Even at a big-ticket event, people are still using cash. At the 2018 World Cup in Russia, cash and cashless payments each made up 50% of purchases, which suggests that visitors were exchanging currency or withdrawing in rubles. The visitors spending the most were from the United States and Mexico. In addition, only 1/3 of payments are typically made in cash in Russia, but the cash use was much higher in an environment like this.
Mercedes-Benz Stadium (MBS) in Atlanta, Georgia is the crown jewel of sports venues in the United States. It is home to both the Atlanta Falcons and Atlanta United FC, American football and soccer/football/futbol, respectively. The stadium is unlike most in the US because it is built for both footballs, and the seats retract on the lower corners to make the pitch more suitable for soccer.
However, like many venues, they aren’t as accommodating when it comes to payment choice. Although the stadium has some of the best concession prices and options, there is only one option when it comes to payment: cashless.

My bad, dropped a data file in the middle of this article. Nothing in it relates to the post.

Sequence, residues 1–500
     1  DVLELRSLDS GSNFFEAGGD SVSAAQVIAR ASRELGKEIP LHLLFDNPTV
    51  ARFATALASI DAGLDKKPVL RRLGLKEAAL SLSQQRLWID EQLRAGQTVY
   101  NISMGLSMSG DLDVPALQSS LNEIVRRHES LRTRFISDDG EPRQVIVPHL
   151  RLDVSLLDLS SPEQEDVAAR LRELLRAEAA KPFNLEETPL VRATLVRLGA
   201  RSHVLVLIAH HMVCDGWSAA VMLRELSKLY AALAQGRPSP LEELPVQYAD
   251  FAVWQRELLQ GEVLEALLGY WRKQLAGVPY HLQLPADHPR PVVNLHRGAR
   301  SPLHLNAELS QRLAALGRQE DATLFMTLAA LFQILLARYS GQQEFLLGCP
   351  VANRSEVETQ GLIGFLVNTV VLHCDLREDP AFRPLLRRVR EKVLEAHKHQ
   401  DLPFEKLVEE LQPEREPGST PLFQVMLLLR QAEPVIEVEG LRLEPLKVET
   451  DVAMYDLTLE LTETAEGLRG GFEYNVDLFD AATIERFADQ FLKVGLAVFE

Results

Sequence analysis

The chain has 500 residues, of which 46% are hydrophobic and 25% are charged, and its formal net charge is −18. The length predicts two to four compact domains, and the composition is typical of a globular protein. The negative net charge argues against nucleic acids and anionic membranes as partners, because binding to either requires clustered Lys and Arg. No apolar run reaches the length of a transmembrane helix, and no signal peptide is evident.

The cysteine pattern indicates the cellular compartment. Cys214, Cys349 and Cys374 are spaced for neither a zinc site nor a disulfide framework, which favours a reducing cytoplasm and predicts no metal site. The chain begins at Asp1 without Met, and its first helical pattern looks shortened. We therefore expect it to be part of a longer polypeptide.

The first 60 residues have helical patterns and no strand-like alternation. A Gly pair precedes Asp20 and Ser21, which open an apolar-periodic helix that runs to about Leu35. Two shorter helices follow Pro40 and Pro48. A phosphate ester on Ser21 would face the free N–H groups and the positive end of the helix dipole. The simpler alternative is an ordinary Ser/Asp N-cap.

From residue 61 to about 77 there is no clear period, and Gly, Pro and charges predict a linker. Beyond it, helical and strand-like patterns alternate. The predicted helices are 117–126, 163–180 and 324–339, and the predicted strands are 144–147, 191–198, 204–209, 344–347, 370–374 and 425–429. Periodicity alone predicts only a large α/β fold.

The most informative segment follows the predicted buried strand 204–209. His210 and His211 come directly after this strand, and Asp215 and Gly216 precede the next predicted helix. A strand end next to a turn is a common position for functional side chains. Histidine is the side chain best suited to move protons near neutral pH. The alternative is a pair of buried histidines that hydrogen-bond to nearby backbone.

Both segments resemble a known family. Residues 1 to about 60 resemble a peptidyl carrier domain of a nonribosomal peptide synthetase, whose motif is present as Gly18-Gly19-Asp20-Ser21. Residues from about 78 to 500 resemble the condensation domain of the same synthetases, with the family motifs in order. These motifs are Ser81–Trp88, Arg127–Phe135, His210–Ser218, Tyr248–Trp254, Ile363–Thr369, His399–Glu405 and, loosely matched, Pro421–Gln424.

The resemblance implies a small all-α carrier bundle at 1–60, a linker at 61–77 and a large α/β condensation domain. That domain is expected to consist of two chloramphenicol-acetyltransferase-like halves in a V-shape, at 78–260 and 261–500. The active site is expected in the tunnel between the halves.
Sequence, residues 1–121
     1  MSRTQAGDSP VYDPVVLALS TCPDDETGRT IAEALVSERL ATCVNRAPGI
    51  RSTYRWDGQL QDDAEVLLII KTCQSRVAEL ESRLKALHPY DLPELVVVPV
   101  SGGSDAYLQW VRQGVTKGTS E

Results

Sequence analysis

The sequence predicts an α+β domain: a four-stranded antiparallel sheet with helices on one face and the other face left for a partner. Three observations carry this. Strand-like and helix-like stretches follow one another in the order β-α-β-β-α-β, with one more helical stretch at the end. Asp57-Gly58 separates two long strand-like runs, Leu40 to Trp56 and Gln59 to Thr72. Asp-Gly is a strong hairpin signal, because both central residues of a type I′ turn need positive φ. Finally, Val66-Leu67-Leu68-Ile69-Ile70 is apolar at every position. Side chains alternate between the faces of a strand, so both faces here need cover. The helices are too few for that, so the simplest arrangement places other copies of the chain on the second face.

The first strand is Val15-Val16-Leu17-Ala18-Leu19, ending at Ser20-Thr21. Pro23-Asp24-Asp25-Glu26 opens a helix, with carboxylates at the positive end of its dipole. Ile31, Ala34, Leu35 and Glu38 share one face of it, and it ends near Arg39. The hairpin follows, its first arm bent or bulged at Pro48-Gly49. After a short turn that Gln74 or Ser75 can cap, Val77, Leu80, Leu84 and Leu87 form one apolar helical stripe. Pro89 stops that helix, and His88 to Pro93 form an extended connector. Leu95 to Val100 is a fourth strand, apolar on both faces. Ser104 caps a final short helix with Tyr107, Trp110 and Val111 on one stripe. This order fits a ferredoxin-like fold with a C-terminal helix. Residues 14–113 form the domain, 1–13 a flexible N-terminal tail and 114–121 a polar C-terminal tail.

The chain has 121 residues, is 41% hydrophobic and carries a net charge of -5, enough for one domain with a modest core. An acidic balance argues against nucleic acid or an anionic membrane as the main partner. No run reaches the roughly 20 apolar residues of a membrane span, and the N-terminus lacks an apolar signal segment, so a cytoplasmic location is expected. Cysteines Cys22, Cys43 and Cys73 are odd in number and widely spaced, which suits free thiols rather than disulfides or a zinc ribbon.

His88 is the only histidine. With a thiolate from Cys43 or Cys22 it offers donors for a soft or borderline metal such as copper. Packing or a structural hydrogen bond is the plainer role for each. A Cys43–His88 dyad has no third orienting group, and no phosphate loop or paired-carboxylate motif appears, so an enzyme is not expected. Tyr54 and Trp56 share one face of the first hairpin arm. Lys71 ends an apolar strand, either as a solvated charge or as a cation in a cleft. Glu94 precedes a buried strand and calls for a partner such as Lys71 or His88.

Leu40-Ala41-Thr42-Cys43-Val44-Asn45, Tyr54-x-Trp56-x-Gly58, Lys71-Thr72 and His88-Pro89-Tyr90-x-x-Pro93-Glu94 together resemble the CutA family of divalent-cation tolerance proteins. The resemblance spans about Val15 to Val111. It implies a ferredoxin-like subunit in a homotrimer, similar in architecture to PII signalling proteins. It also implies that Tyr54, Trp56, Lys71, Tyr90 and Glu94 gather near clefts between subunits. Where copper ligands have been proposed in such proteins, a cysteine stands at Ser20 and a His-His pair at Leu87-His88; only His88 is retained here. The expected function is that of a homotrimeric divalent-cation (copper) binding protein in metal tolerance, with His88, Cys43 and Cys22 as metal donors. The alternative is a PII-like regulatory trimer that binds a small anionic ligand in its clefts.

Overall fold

In lieu of accepting cash, MBS has 10 cash-to-card kiosks where patrons can load cash onto a prepaid debit card with no transaction fee. We estimate that one kiosk costs at least $15,000, give or take, with known costs of shipping, service plans and maintenance.
MBS said it saved $350,000, but they spent at least $150,000 on cash-to-card kiosks, which were used by only 1.2% of attendees during the first cashless season. They report 2.5 million attendees for that season, which says 30,000 attendees preferred cash use or only had cash.